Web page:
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The Scotch-Irish in America
The Ulster of To-day. By Rev. Dr. John Hall, of New York City.


Mr. President, Ladies and Gentlemen—

I would like to say in the beginning, in order to prevent this audience from being disappointed, that I am not at all an orator, that I am a mere preacher, and that what I say out of the pulpit is not much more than conversation, in a voice loud enough, if possible, to be heard by those who are present. When I lived in Ireland, I frequently read letters from people who had come to America. Since then I have read many letters from people who lived in Ireland. One feature that has always impressed me, is the word or two at the close of the letter, which went something like this: "Remember me to"—and all the uncles and aunts and cousins, and all the second cousins and all the neighbors would come in, and then in order to prevent leaving out any body, they would add, and also "to all inquiring friends." That usually came at the end of every letter. Now, I am coming at the end of this great congress, and I am to serve the purpose of that clause: "Remember me to all inquiring friends." I am to try to remember you to those from the other side of the deep, as I expect to be there within about thirty days, and I feel that I will have little trouble, but great pleasure in doing so. I expect, of course, to go through the same experience that has come to the lot of others who have visited America, and it will please me to answer when I am asked by this old lady or that old gentleman, ''Doctor, did you see our Mary?" But I fear when I am compelled to answer "No," to some of these queries, they will doubt my having been in America at all.

Now, in order to bring the subject before you that has been selected for me to-night, namely "Ulster as it is to-day," it is proper to recall some of the lessons that we used to learn in the school of geography. There are four provinces in Ireland, Ulster, Munster, Leinster and Connaught. Those who make a trip over to Great Britain and Europe, make the acquaintance of Munster when they land in Queenstown, and as many of them have their admiration aroused when they see the distinctive beauty of that province, and I dare say some of them have an experience something like that which Sir Walter Scott recorded of his visit to that region, when he gave the driver a shilling when he really owed him six pence, and said "There, you can owe me the balance," and got for his reply, "Very well, may your honor live till I pay you.''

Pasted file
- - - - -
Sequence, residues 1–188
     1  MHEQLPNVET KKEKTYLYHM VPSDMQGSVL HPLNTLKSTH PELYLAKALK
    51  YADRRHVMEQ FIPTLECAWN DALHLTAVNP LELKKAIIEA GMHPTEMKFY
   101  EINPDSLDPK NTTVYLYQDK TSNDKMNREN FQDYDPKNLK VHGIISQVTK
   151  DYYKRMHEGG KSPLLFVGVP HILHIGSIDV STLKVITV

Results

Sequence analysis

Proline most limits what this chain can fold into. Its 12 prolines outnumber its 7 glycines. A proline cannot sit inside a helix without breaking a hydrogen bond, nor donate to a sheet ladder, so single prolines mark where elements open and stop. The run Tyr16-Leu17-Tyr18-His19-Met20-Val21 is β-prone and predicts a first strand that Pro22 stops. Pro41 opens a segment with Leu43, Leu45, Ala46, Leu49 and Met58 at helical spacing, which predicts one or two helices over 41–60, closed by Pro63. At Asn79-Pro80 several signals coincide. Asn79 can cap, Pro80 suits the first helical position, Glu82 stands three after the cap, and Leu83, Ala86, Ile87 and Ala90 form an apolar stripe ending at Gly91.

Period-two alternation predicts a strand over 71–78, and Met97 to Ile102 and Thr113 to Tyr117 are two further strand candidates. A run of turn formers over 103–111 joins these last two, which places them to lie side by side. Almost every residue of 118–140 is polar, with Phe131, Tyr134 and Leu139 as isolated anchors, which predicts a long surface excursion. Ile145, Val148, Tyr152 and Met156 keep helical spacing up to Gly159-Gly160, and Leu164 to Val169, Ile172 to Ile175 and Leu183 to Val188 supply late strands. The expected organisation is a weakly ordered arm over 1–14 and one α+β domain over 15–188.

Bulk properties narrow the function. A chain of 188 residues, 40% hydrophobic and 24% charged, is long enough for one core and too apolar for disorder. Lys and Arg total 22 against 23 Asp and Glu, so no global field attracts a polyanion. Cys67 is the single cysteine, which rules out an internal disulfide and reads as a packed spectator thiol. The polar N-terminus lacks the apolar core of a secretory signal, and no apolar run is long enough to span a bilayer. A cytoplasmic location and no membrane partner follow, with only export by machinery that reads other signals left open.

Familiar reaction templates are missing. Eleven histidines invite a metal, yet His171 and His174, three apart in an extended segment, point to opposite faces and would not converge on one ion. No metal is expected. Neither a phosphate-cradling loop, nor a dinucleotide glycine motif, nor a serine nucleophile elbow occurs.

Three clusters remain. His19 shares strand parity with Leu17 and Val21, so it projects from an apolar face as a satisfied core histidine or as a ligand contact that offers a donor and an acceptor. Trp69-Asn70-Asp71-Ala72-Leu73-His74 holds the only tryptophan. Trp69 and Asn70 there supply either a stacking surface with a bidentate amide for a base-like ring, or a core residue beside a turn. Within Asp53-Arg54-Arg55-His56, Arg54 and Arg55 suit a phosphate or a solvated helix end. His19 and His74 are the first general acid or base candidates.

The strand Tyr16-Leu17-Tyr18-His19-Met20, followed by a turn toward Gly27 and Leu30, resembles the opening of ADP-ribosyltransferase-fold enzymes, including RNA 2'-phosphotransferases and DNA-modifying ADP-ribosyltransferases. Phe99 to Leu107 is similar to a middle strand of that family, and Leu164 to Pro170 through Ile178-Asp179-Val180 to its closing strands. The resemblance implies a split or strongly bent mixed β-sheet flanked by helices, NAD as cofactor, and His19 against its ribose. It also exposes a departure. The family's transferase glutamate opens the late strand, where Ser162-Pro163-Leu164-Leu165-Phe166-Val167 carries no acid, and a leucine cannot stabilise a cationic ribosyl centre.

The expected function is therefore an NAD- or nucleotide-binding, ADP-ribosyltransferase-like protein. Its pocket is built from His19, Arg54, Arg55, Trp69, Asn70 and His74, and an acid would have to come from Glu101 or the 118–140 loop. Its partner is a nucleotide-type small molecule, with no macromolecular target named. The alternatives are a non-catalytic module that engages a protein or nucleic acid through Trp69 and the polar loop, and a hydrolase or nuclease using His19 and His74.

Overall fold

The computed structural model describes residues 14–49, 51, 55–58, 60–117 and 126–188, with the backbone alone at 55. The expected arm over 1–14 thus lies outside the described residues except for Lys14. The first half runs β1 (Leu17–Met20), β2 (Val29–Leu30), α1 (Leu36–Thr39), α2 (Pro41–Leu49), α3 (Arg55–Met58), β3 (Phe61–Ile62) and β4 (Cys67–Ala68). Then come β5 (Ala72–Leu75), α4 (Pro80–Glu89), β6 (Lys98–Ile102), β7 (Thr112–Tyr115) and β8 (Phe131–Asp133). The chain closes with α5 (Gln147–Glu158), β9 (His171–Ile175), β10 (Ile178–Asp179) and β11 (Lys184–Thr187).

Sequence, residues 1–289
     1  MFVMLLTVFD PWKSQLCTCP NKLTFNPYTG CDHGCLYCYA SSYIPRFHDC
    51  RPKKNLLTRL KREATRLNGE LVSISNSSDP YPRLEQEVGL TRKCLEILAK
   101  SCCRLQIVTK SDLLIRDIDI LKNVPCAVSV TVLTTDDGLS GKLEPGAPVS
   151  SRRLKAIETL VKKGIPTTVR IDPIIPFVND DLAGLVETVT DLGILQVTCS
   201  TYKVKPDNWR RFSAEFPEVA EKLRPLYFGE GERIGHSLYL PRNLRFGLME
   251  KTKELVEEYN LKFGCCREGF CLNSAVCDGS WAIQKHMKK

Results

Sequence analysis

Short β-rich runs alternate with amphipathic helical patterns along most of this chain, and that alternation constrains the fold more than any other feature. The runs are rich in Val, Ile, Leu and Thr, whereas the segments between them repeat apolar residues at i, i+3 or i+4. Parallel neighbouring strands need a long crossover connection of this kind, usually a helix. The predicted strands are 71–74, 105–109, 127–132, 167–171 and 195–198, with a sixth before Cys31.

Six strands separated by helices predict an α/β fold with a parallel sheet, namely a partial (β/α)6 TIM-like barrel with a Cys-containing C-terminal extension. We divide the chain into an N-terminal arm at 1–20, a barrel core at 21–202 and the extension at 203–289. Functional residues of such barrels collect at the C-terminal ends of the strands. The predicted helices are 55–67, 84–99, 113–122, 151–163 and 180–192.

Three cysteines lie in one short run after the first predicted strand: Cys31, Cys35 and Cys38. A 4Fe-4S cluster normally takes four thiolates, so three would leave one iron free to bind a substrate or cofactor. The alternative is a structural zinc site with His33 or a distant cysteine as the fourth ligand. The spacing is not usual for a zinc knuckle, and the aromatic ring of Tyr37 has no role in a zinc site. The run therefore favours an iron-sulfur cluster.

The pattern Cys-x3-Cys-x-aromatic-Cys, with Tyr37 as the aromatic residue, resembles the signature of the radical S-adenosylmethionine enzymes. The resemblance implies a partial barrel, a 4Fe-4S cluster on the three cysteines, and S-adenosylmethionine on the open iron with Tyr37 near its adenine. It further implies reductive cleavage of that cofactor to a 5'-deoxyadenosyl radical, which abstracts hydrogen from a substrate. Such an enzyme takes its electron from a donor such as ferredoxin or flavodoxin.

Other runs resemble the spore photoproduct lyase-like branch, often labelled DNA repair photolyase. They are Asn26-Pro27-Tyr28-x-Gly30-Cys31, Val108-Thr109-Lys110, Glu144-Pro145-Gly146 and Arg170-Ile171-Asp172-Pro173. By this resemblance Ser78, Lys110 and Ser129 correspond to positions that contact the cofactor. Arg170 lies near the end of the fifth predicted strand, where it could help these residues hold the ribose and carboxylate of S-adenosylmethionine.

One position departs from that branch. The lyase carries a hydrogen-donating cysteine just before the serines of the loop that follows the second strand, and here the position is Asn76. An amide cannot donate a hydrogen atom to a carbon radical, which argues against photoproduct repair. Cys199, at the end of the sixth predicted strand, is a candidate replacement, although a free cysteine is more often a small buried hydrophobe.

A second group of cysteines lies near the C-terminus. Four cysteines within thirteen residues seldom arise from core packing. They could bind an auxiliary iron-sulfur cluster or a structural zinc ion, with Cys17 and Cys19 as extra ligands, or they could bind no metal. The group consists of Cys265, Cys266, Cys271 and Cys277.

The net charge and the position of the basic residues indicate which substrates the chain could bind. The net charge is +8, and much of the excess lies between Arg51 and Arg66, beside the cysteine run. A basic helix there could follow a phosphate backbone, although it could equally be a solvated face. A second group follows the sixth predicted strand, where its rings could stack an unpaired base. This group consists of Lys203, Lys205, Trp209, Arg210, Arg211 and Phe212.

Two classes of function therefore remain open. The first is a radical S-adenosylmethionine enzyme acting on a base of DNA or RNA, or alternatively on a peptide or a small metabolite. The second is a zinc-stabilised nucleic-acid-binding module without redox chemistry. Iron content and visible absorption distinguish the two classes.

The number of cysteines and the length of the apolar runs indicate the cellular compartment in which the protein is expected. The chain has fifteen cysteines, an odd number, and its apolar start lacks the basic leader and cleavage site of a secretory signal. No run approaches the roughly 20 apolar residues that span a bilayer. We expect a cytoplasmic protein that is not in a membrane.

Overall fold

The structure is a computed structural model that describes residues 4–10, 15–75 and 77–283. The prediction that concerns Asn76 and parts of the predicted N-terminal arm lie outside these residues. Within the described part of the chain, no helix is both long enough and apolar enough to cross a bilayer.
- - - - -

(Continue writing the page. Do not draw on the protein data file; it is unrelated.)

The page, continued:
Those who go farther upward make the acquaintance of the province of Leinster, when they visit Dublin as it was. Then they make the acquaintance of the province of Connaught, which contains some of the most beautiful spots in all Ireland. The question is how do these places look to the eye in our own day. Ulster as it is to-day furnishes, indeed, the food for many a happy thought to those who are bound to it by the chains of friendship and ancestral blood. I can remember when I was a boy at the mature age of eight or nine years, that happy period when one knows almost every thing going. I remember of going to meeting on the sabbath with my parents, where we used to come across a number of the people that were going to their worship in the chapel, as we called it. Many of these would be found carrying their shoes in their hands, for reasons that I could not explain. It may be that they wanted to save the shoes, the wear and tear of the way, and then again it may be that they were not much in the habit of wearing shoes, and would carry them, and would wash their feet near the chapel and then put them on. That was a common thing in my boyhood days. Now, comes the contrast in Ulster. Last summer I was over there, and of course I preached every sabbath. You can not tell the tenderness of the feelings, with which the man stands up and speaks to the children of those whom he used to look up to in his boyhood. I was sitting in the upper room in the house of my sister, in front of which the road happens to run, and I had my manuscript in my hand preparing myself to preach, but I could not get my eye on it. And why? Because the people I used to see going to their places of worship, bare of foot and shoes in hand, were passing down the same road, but in different garbs. The transformation was wonderful. The young ladies had gloves upon their hands, and not only that, but the heels of their boots were about as broad as these two finger tips and about an inch and a half in height. I noticed, also, the general rule was that the ladies carried parasols in their hands, the handles of which were about as long as the lamp-lighter's pole. Not only that, but in the other hand they usually carried a beautiful bouquet of flowers. This, I think, is a marvelous change even in my time. I remember, too, when the farmer had to take his threshed oats to market. Two or three sacks were put in the cart, and if the wife had to go to market in the town, she was compelled to get into the wagon, and sit upright on one of the sacks and ride all the way to town in that position. That was the old way of being transported from the farm-house to the city. They have railroads now, and they have abolished these methods of transportation. Don't you remember the farm-house with which we were all familiar, the little farm-house composed of three apartments in which they cooked, and ate and slept.